Feb 1st-Arneis

Arneis is a white grape native to the Piedmont region of northwest Italy. It also goes by the name of Nebbiolo Blanco, despite not having any genetic relation to the famed dusty black grape. This nickname arose because significant quantities of Arneis are planted across the Tanaro River from Barolo, an area famous for their wines made of Nebbiolo. Small quantities of Arneis have been added to wines containing Barbera and Nebbiolo to soften the tannins that can be harsh. Arneis translates into ‘little rascal’, an apt moniker considering how difficult growing the grape can be. 

The Vietti family has been a constant in Piedmont since the late 19th century when Carlo Vietti founded the Vietti wine cellar. Carlo had two sons, Giovanni and Mario. Giovanni was a farmer and took over running the operations in the early 20th century. Mario opted to travel and found himself in the US until Giovanni’s untimely passing. At this time Mario was called back to the family farm and began running it in 1919. Mario became known as the ‘crazy American’ because of his unpopular changes he made in an area where change was not welcomed. Mario’s son in law, Alfredo Currado, was possibly more groundbreaking in the region due to being the first to introduce stainless steel tanks and to make single vineyard wines. It was a discussion and challenge from Alfredo’s priest that resulted in the planting of Arneis in the Roero region. Alfredo became known as the father of Arnies and produced the first single varietal bottling in 1967. The Vietti winery sold ownership to a food retailer in 2016 which was very recently followed by the surprising news that the faces of the brand, Luca Currado (Alfred’s son) and his wife Elena Penna, were stepping away from the winery to focus on other projects. 

This week, I drank a 2021 Vietti Roero Arneis, DOCG that I picked up from a tasting hosted by Elena Penna at my local wine shop a few months ago. The tasting mainly featured Barolos and Barberas but I saw they produced Arneis, so I had to try a bottle. This wine was the palest light straw color with some bubbles that clang to the base of the glass but would collect on the surface as I gently swirled. Aromas of stoney minerality, lemon pith, white grapefruit juice, lime zest, as well as honeysuckle, gardenia and orange blossoms were readily apparent on the nose. This dry, light bodied wine had a level of acid that tightened the jaw and wet the palate. As I sat and analyzed the flavors, I was surprised by the heat from the high level of alcohol that warmed my mouth and throat. Lemon pith and wet gravel started on the front palate but gave way to lime curd, orange blossom and green apple gummy candy that lingered on the finish. This wine would be wonderful with a creamy tarragon sauce over white fish or pasta with a light cream sauce.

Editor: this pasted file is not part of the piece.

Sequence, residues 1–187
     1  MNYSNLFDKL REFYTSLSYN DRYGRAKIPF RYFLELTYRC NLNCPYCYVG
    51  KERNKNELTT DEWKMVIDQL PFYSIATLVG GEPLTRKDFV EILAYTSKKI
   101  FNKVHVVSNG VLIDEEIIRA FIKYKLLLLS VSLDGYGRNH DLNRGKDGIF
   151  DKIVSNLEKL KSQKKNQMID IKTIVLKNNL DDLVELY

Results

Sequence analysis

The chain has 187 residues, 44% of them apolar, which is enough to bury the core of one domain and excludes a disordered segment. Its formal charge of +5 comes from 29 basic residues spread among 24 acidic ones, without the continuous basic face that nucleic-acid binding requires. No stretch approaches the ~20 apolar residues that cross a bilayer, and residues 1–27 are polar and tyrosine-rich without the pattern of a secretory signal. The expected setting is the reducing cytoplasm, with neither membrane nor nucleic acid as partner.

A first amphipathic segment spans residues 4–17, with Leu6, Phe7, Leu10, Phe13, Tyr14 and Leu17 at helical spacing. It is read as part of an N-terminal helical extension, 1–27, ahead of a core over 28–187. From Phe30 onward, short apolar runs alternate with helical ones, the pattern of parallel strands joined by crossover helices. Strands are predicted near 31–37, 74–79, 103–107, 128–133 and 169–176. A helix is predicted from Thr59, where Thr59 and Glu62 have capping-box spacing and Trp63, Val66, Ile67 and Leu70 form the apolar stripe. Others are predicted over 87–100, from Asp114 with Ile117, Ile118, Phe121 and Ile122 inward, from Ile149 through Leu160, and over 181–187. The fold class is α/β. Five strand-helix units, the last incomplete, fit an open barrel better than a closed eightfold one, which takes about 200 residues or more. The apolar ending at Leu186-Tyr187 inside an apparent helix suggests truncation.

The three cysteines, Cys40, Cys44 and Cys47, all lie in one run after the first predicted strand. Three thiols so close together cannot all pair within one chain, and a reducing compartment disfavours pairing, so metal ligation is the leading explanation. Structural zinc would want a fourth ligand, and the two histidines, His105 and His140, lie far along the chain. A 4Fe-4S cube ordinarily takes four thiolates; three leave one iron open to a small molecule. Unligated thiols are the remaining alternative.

Leave a Reply

Fill in your details below or click an icon to log in:

WordPress.com Logo

You are commenting using your WordPress.com account. Log Out /  Change )

Twitter picture

You are commenting using your Twitter account. Log Out /  Change )

Facebook photo

You are commenting using your Facebook account. Log Out /  Change )

Connecting to %s

%d bloggers like this: